How do Elizabeth Wurtzel's 'Prozac Nation' and Peter Brinson's 'It Did It' establish themselves as two autobiographical modes for thinking about the implications. PROZAC NATION. I HATE MYSELF AND I WANT TO DIE. I try to walk somewhere-to the grocery store or the pharmacy, no- where special, routine errands-and I. Elizabeth Wurtzel's New York Times best-selling memoir, with a new afterword " Sparkling, luminescent prose A powerful portrait of one girl's journey through .

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This books (Prozac Nation: Young and Depressed in America [PDF]) Made by Elizabeth Wurtzel About Books none To Download Please Click. Prozac nation by Elizabeth Wurtzel; 10 editions; First published in ; Subjects : Mental health, Depressed persons, Biography, Protected DAISY, In library. was possible, an homage. After a half an hour, 1 felt as old as my grandmorher, 1 heard myself say ing things that would have felt corn fortable coming out of her.

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Steven Corcoran New York: Semiotext e , , 8. The great book of Man-the-Machine was written simultaneously on two registers: the anatomo-metaphysical register, of which Descartes wrote the first pages […], and the technico-political register, which was constituted by a whole set of regulations […] for controlling or correcting the operations of the body.

Alan Sheridan London: Penguin Books, , See John P.

For this autobiographical experiment, Brinson decided to employ the scientific method, based on the formulation of a hypothesis and the performing of tests, in order to self-estimate whether he needed or not to be on antidepressants, while attempting to demonstrate how the assimilation of psychoactive drugs impacted upon his storytelling. At the outset of his video, Brinson renders the beholder aware that, This video is not a critique of our medical institutions because I acquired the medication at a clinic without the supervision of a therapist […].

I scored a sixty-three on this test that proved that I required medication for depression. Is it the pill or the person creating a self? And if a pill can produce a self that feels satisfied and taking it away makes one feel not oneself, does the self become a social object?

What and where is the self if a pill can make it indissoluble again? I am more and more interested […] in the technologies of individual domination, […] in the technology of self.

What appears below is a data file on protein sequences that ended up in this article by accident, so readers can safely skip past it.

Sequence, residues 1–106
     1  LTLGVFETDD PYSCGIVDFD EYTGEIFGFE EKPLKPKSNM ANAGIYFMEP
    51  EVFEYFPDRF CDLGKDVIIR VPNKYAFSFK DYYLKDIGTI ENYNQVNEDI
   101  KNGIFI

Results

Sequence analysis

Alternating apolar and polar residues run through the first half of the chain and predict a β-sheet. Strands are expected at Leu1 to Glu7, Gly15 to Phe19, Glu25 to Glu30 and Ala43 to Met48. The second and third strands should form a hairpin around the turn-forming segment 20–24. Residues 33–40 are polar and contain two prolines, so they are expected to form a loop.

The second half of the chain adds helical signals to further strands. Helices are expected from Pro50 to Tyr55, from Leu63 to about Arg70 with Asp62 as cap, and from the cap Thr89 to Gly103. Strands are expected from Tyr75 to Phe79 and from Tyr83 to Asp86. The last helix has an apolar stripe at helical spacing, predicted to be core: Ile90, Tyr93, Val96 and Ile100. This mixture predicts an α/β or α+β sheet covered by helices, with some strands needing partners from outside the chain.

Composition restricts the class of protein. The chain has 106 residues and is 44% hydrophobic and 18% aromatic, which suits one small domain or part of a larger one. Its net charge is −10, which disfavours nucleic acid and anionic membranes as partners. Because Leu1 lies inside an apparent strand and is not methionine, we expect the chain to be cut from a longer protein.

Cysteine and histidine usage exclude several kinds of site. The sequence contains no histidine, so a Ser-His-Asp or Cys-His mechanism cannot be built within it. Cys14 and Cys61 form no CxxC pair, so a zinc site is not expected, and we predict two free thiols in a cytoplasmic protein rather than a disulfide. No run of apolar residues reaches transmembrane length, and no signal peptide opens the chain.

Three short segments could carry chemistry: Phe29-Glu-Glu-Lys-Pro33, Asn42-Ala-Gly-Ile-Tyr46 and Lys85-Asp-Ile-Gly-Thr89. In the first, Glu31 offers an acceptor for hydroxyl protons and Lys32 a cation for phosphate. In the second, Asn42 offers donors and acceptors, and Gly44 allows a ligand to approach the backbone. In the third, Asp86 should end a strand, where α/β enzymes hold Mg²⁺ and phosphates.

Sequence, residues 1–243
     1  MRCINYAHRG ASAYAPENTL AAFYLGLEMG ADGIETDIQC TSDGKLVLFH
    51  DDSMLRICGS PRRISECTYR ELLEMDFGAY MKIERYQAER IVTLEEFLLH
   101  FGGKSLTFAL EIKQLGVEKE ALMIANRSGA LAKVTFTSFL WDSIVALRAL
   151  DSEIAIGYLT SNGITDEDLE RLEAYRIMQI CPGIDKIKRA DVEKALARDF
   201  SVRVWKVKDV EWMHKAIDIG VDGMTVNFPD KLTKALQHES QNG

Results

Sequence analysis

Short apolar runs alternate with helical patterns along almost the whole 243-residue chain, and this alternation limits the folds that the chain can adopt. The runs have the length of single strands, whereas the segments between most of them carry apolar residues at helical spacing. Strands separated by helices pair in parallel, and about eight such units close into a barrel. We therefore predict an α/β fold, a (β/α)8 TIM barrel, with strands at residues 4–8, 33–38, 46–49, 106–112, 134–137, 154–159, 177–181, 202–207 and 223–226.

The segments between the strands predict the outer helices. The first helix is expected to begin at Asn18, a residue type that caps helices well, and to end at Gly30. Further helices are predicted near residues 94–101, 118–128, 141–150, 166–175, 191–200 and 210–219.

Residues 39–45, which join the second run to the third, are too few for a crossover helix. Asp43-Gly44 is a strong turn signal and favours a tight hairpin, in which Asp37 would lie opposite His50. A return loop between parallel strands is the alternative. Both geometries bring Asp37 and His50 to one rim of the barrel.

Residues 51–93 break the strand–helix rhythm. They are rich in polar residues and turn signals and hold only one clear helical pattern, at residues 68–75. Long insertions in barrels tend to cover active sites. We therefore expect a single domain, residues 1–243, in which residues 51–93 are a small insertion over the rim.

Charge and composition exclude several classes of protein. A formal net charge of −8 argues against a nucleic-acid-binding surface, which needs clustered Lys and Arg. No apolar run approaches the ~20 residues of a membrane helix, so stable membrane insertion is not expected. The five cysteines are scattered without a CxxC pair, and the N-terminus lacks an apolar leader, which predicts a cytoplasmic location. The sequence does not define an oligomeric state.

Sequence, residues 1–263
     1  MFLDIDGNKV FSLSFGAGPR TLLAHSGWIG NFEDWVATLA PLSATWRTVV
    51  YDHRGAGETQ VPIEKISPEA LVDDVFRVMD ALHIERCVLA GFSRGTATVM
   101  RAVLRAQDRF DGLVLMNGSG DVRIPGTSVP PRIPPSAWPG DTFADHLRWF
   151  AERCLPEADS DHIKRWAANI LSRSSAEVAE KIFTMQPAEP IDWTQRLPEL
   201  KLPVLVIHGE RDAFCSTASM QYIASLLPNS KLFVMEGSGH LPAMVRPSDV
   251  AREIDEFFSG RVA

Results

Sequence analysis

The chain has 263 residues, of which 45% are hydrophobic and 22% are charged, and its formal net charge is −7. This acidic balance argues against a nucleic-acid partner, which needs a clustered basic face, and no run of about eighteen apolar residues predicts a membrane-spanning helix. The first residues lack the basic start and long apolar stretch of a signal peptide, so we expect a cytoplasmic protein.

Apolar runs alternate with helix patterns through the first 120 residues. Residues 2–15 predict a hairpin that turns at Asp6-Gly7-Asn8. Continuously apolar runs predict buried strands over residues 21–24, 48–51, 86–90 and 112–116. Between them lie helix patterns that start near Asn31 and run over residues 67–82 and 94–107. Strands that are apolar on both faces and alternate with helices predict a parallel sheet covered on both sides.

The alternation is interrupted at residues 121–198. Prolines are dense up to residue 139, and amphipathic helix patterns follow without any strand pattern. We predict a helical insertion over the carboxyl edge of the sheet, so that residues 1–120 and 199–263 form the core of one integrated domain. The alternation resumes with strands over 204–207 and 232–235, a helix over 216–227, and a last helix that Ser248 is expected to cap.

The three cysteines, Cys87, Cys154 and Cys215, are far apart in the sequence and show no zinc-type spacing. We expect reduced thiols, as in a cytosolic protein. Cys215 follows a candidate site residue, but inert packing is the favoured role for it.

Steven Corcoran Los Angeles: Semiotext e , , 8. As it will be later shown, subjects might even reach the acme of identifying themselves with their own illness, until their malaise becomes the kernel of their identity. And in a strange way, this resignation allowed [her] to stabilize. Colin Gordon, trans. Colin Gordon et al. Alan Sheridan London: Penguin Books, Stanford: Stanford University Press, Fee, Dwight, ed. Foucault, Michel. Discipline and Punish: The Birth of the Prison.

Translated by Alan Sheridan. London: Penguin Books, Translated by A.

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London: Routledge, Accessed March 30, History of Madness. Edited by Jean Khalfa.

Translated by Richard Howard. New York: Vintage, Mental Illness and Psychology. Berkeley: University of California Press, Edited by Colin Gordon. New York: Pantheon, Accessed April 12, Translated by Robert Hurley.

Edited by Luther H. Depression is in an altogether different zone because it involved a complete absence: absence of affect, absence of feeling, absence of response, absence of interest.

The pain you feel in the course of a major clinical depression is an attempt on nature's part nature, after all, abhors a vacuum to fill up the empty space. But for all intents and purposes, the deeply depressed are just the walking, waking dead.

There is a classic moment in The Sun Also Rises when someone asks Mike Campbell how he went bankrupt, and all he can say in response is, 'Gradually and then suddenly. I'm always missing someone or someplace or something, I'm always trying to get back to some imaginary somewhere.

My life has been one long longing. It was all still with me, the storage space in my brain crammed with vivid memories, packed and piled like photographs and old dresses in my grandmother's bureau. I wasn't just the madwoman in the attic—I was the attic itself.

The past was all over me, all under me, all inside me. But depression is so insidious, and it compounds daily, that it's impossible to ever see the end. The fog is like a cage without a key.

My gifts are for life itself, for an unfortunately astute understanding of all the cruelty and pain in the world. I know that if I could just get out from under this depression, there is so much I could do besides cry in front of the TV on a Saturday night.

It might be terminal velocity, the speed of the sound of a girl falling down to a place from where she can't be retrieved.

What if I am stuck down here for good?Prozac Nation. Mental Illness as Discourse and Experience. What and where is the self if a pill can make it indissoluble again?

Prozac Nation

And I know it's around me somewhere, but I just can't feel it. Stanford University Press, , Full Name Comment goes here. Power, Change and Social Worlds London: Cancel Save.

Translated by Alan Sheridan.

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